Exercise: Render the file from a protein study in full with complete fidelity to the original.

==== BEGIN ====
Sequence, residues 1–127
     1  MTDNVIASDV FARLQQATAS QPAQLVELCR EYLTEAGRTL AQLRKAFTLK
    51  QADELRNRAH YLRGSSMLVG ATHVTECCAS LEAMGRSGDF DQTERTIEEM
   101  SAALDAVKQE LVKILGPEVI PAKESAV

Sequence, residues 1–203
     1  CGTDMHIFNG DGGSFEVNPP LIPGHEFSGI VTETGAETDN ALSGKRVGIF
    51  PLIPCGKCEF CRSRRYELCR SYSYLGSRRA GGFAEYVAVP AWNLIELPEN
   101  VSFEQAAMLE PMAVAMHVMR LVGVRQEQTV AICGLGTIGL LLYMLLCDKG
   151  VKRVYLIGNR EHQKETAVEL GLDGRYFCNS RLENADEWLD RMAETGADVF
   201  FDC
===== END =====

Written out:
Sequence, residues 1–127
     1  MTDNVIASDV FARLQQATAS QPAQLVELCR EYLTEAGRTL AQLRKAFTLK
    51  QADELRNRAH YLRGSSMLVG ATHVTECCAS LEAMGRSGDF DQTERTIEEM
   101  SAALDAVKQE LVKILGPEVI PAKESAV

Sequence, residues 1–203
     1  CGTDMHIFNG DGGSFEVNPP LIPGHEFSGI VTETGAETDN ALSGKRVGIF
    51  PLIPCGKCEF CRSRRYELCR SYSYLGSRRA GGFAEYVAVP AWNLIELPEN
   101  VSFEQAAMLE PMAVAMHVMR LVGVRQEQTV AICGLGTIGL LLYMLLCDKG
   151  VKRVYLIGNR EHQKETAVEL GLDGRYFCNS RLENADEWLD RMAETGADVF
   201  FDC